Acute Renal Failure

The sudden inability of the kidneys to filter blood is called acute failure. Acute kidney failure develops rapidly over a few hours or a few days. It is common in hospitalized patients who are critically ill and need intensive care. Although it is fatal, acute kidney failure can be reversed and the kidneys return to their normal state. This occurs as a result of injuries to the body. Often it is caused by decrease in the amount of blood supply to the kidneys which may be due to:

  • Hypovolemia or reduced blood volume in the body due to blood loss.
  • Dehydration and loss of body fluid like vomiting etc
  • Obstruction of the renal artery or vein which caused abnormal blood flow to the kidneys.

Direct damage to the kidneys is the main reason for acute kidney failure such as

  • When the immune system is overwhelmed from infection, it causes inflammation and shutdown of the kidneys. This is called sepsis
  • Non steroidal anti-inflammatory drugs like ibuprofen and naproxen are toxic to the kidneys. So are the medications injected for radiology dye detection studies.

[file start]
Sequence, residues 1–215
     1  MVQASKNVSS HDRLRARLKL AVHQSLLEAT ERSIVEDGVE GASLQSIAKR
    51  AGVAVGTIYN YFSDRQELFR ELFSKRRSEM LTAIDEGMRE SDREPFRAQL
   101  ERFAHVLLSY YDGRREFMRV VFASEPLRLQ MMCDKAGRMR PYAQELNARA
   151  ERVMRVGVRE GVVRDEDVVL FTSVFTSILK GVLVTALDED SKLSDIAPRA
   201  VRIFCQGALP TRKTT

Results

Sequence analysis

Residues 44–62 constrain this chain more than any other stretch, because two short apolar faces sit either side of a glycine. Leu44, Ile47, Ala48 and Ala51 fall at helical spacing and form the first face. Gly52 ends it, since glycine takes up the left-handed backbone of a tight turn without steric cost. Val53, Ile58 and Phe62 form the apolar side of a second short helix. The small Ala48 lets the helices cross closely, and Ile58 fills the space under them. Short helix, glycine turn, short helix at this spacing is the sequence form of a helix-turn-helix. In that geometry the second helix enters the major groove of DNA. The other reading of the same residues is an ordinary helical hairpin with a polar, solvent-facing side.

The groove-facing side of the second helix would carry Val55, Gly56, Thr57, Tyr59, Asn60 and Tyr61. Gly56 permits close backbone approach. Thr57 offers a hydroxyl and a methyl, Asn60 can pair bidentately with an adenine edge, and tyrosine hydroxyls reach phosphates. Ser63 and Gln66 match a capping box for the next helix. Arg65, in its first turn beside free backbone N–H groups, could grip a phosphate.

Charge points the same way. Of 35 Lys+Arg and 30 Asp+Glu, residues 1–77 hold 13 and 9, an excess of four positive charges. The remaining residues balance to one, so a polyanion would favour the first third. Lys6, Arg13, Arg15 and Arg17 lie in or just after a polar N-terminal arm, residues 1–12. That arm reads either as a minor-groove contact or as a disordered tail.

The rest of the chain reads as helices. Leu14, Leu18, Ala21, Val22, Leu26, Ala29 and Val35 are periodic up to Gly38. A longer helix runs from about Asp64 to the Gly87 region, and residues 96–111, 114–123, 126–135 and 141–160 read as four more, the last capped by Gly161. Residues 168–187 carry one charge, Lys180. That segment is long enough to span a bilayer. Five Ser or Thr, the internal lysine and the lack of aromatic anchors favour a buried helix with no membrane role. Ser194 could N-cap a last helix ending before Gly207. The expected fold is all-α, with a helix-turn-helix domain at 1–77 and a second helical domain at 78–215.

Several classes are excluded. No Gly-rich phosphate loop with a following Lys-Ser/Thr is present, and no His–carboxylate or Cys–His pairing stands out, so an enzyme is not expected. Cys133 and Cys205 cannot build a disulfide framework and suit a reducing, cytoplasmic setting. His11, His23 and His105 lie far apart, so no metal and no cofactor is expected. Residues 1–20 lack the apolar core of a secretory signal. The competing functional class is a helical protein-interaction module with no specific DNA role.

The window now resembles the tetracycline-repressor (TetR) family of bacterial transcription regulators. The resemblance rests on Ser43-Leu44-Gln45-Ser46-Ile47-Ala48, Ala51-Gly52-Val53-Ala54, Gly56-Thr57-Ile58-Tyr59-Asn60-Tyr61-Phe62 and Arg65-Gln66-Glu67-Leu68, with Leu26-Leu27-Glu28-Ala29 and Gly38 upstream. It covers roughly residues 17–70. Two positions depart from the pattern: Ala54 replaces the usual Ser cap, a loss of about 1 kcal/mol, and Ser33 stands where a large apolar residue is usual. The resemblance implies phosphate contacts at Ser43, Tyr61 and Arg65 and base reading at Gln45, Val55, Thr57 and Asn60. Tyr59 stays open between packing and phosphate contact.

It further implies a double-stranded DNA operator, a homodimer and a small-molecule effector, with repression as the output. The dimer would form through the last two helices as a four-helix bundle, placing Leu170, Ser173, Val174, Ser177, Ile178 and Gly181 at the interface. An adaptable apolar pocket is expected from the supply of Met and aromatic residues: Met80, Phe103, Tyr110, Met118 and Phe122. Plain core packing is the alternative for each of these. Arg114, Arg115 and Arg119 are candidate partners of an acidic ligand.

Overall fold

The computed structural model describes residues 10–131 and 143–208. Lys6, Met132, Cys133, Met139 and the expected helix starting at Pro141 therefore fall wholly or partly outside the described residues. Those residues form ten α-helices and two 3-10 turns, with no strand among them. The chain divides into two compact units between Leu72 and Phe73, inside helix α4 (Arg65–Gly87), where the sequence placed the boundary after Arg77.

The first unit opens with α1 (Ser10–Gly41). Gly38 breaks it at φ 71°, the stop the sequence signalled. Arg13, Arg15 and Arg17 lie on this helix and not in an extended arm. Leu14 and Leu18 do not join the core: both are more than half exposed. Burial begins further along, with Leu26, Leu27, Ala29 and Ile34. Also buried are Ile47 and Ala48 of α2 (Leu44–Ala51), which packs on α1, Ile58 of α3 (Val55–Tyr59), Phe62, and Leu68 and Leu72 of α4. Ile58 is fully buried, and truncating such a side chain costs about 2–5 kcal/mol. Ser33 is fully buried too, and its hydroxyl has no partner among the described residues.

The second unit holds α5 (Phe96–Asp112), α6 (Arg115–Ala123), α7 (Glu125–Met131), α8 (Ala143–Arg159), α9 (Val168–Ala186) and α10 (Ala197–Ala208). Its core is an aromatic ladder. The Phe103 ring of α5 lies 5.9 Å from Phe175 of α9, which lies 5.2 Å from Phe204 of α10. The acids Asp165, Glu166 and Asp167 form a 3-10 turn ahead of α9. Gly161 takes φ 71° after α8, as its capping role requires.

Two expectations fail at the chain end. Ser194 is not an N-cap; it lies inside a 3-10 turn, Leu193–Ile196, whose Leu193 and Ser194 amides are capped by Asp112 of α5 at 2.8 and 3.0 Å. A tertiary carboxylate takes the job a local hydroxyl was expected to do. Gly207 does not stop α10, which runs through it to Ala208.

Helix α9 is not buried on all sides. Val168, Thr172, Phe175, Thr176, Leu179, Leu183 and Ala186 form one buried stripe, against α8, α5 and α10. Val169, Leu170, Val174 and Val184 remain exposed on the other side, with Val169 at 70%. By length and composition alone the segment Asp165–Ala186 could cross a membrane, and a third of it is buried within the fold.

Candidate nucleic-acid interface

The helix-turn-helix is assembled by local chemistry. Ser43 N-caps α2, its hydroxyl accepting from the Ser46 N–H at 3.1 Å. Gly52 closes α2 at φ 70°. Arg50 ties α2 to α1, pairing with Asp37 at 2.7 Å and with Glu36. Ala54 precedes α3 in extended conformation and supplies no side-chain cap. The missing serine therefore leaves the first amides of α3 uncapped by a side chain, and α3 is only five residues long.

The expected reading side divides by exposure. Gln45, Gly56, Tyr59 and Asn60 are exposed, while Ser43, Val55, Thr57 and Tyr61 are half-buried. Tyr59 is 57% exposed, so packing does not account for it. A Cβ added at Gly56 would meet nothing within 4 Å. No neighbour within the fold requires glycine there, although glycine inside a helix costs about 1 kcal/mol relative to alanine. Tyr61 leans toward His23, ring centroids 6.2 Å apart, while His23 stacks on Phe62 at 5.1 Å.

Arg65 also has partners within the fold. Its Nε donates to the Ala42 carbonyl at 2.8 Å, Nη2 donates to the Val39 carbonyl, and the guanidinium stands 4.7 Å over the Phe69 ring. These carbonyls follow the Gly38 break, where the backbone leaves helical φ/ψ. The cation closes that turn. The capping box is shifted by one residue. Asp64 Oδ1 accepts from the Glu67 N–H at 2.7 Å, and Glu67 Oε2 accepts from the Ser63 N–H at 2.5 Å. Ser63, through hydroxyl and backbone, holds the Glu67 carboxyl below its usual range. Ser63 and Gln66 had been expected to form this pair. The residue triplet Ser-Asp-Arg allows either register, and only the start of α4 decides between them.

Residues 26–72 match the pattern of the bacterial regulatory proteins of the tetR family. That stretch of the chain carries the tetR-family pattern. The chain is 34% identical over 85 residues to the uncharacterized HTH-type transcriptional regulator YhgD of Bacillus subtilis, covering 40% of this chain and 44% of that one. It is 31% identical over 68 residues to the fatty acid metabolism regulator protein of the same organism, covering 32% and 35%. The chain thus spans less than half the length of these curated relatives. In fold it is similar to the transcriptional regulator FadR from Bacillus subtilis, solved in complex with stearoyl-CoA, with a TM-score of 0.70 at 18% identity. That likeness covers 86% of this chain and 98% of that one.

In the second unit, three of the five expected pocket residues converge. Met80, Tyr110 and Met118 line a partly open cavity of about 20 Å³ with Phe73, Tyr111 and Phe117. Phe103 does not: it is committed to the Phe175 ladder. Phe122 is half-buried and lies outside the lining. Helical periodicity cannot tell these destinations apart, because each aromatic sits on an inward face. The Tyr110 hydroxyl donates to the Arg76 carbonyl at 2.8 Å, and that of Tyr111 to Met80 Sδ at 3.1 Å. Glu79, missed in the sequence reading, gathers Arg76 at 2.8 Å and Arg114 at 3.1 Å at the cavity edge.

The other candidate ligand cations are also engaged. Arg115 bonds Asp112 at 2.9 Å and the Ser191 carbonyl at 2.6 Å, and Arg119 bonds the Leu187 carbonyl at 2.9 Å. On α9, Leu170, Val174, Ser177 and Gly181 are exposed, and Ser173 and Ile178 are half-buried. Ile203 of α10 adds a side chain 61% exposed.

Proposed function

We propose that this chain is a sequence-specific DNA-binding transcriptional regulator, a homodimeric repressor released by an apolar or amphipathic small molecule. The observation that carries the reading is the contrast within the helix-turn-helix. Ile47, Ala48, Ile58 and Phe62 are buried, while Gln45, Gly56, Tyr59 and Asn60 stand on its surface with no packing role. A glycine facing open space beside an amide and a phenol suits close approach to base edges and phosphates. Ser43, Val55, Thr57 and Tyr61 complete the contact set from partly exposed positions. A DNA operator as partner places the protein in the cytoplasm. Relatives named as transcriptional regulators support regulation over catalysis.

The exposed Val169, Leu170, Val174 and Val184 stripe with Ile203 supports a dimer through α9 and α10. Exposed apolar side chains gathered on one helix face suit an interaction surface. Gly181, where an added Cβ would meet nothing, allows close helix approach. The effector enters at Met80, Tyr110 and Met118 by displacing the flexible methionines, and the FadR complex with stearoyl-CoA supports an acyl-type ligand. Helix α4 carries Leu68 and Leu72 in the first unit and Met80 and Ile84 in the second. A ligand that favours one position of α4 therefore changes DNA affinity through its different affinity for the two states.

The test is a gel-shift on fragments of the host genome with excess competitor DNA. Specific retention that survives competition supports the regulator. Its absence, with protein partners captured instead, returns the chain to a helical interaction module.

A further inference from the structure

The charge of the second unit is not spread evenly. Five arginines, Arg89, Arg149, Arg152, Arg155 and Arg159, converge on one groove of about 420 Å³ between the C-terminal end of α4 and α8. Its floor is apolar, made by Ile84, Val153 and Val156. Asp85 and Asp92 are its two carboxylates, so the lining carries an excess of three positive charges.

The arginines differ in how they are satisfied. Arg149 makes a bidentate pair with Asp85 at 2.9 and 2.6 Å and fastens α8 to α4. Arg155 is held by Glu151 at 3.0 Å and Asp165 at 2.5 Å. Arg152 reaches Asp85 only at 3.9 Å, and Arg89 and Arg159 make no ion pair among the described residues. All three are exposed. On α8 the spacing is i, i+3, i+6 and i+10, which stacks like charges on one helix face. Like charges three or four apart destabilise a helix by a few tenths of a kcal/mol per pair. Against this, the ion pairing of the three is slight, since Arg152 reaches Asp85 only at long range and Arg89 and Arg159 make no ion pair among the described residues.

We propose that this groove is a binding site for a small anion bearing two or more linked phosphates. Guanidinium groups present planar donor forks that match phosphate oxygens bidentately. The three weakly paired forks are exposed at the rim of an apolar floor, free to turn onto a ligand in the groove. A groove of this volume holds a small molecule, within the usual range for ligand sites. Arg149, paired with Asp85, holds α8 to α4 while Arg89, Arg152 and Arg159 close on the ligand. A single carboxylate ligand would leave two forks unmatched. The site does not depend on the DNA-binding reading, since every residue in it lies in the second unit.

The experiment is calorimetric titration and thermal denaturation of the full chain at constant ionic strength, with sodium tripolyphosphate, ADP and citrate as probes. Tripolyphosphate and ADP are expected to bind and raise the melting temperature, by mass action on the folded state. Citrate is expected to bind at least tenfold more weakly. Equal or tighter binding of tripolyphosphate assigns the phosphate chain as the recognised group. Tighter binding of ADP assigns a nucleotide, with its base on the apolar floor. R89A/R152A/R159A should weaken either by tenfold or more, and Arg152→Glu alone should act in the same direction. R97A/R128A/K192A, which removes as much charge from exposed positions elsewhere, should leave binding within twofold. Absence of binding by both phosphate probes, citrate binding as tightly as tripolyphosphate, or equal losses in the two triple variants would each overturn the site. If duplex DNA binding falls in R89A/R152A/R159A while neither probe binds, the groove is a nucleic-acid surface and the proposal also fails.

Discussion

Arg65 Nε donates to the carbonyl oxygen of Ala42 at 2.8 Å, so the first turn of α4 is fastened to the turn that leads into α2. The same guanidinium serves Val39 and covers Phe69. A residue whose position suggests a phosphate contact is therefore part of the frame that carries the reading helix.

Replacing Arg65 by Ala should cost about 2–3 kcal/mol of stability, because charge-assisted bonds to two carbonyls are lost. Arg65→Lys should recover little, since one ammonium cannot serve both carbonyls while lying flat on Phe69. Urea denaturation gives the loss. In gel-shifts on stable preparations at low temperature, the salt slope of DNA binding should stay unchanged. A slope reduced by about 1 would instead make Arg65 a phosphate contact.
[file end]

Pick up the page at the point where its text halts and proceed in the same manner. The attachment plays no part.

• Rhabdomyolys or muscle breakdowns. These damaged muscle fibers clog and block the filtering system of the kidneys. This may be caused due to external trauma.
  • Obstruction of the bladder or the ureters which causes pressure high enough for the kidneys to be damaged and shut down.
  • Prostate cancer and tumors in the abdomen that surround and obstruct the passage of urine flow.
  • Presence of a kidney stone may cause the lone kidney to fail.

Chronic renal failure

Chronic kidney failure indicates the gradual loss of kidney function. In its advanced stages, it leads to accumulation of dangerous levels of fluid, electrolytes, and wastes in your body. Usually there may not be any symptoms until the kidney is seriously impaired. Chronic failure can lead to situations where artificial filtering called dialysis or transplantation of kidneys.

Chronic failure develops over months and years. The most predominant causes are:

  • Improper control of diabetes
  • Improper regulation of high blood pressure
  • Chronic glomerulonephritis.
  • Kidney stones, prostate diseases etc.